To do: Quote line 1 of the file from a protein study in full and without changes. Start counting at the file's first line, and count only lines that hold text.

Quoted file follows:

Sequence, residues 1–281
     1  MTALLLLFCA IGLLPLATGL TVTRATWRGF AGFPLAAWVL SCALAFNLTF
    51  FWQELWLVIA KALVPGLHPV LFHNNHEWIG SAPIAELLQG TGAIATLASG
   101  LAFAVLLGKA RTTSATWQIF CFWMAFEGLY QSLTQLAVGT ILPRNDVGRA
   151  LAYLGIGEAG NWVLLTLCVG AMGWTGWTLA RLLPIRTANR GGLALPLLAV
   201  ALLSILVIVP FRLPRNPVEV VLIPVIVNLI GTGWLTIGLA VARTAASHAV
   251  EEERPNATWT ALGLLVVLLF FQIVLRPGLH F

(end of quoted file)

Sequence, residues 1–281